According to embodiments described herein, enhanced compressive strength zeolite compositions are provided having desirable setting times. The final strength or saturated compressive strength of a zeolite composition, i.e., a compressive strength at which further setting time contributes a minimal amount to the compressive strength, is dependent upon the zeolite/activator ratio in the composition, carrier, fluid content, particle size, and reaction temperature and time. Compositions of the present invention are useful as a replacement for hydraulic cement in addition to their use in wellbore treating fluids introduced into a subterranean zone penetrated by a wellbore, particularly wellbore treating fluids introduced as settable spotting fluids. According to the present invention, compositions having such optimized parameters and including certain additives have enhanced compressive strengths for the set composition as compared to set compositions lacking such parameters and additives.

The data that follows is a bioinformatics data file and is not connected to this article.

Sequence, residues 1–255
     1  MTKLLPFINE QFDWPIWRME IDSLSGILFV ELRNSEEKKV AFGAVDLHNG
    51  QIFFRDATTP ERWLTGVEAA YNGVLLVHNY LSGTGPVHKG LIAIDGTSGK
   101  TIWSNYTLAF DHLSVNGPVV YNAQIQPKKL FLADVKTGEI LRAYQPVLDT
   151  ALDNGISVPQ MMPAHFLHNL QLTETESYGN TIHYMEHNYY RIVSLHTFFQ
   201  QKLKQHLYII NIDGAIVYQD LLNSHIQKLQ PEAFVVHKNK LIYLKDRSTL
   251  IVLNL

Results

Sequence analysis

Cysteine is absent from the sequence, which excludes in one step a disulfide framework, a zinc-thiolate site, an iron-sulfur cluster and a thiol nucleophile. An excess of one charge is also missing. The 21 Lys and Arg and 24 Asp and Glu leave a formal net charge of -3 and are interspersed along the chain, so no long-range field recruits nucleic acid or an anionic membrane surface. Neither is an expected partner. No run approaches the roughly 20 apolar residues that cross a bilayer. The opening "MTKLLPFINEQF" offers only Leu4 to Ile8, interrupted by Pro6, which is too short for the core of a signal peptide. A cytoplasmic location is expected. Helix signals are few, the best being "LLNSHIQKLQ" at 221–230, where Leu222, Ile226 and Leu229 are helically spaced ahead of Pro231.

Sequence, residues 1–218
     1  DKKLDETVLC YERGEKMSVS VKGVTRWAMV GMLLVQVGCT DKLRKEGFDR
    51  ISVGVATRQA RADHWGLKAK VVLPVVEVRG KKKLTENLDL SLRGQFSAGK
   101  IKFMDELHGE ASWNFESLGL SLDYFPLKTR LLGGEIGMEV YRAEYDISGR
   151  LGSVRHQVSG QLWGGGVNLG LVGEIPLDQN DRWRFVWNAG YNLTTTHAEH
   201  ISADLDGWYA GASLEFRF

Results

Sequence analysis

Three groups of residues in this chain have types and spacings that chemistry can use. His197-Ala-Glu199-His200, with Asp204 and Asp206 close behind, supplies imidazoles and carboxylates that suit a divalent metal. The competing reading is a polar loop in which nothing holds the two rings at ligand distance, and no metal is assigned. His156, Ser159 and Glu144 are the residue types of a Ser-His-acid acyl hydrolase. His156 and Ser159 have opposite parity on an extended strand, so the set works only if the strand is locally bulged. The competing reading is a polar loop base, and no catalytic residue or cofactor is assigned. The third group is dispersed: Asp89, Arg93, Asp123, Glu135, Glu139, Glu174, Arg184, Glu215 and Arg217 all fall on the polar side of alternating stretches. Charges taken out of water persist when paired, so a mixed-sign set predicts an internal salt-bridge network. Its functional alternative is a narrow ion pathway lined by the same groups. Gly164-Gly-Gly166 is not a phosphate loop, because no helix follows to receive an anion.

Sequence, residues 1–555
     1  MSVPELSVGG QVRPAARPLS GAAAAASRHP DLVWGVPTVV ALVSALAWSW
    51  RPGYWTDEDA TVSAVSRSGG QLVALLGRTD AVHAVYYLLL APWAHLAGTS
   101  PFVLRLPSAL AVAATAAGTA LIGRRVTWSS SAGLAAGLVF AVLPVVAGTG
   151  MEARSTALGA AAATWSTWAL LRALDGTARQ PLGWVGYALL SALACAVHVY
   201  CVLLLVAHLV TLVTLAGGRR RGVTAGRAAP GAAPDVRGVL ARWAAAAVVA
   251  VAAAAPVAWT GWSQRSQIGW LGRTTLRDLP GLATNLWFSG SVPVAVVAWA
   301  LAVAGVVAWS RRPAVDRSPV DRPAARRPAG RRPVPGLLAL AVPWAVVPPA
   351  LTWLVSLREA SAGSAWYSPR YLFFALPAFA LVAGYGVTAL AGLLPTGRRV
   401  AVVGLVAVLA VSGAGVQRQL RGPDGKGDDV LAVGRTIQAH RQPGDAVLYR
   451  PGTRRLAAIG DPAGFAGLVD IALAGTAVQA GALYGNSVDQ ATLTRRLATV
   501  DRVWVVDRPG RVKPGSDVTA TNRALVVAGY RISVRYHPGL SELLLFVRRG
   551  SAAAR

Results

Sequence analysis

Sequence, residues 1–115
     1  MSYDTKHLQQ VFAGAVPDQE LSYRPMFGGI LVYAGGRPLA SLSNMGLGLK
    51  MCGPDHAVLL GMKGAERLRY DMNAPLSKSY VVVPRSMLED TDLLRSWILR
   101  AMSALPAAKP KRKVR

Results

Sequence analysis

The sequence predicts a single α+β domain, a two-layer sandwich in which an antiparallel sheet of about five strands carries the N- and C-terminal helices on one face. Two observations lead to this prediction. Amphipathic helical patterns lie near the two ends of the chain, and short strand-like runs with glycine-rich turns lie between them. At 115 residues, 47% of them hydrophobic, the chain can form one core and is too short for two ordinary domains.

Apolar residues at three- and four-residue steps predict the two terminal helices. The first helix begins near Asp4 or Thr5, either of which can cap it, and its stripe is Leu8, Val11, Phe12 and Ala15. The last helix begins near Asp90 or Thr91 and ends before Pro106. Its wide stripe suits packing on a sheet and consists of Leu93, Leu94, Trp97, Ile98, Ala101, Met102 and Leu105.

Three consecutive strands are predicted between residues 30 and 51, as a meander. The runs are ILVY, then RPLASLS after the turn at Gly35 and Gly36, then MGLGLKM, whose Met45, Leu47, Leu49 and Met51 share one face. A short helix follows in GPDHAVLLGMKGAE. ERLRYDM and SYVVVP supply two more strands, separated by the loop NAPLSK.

An embodiment of the present invention is a method of increasing compressive strength of a zeolite/activator composition, the method comprising blending a zeolite having a mean particle size less than or equal to 100 microns, an activator at an amount greater than or equal to 5% and less than or equal to 50% by weight of zeolite/activator composition, an organic acid or salt thereof in an amount greater than or equal to 0.1% and less than or equal to 5.0% by weight of zeolite, and a carrier fluid to form a blended composition; and allowing the blended composition to set to form a set composition. The set composition has a greater saturated compressive strength than that of a set zeolite/activator composition lacking the organic acid or salt thereof.

Zeolites: Zeolites are porous alumino-silicate minerals that may be either a natural or manmade material. Manmade zeolites are based on the same type of structural cell as natural zeolites, and are composed of aluminosilicate hydrates having the same basic formula as given below. It is understood that as used in this application, the term “zeolite” means and encompasses all natural and manmade forms of zeolites. All zeolites are composed of a three-dimensional framework of SiO4 and AlO4 in a tetrahedron, which creates a very high surface area. Cations and water molecules are entrained into the framework. Thus, all zeolites may be represented by the crystallographic unit cell formula:
Ma/n[(AlO2)a(SiO2)b].xH2O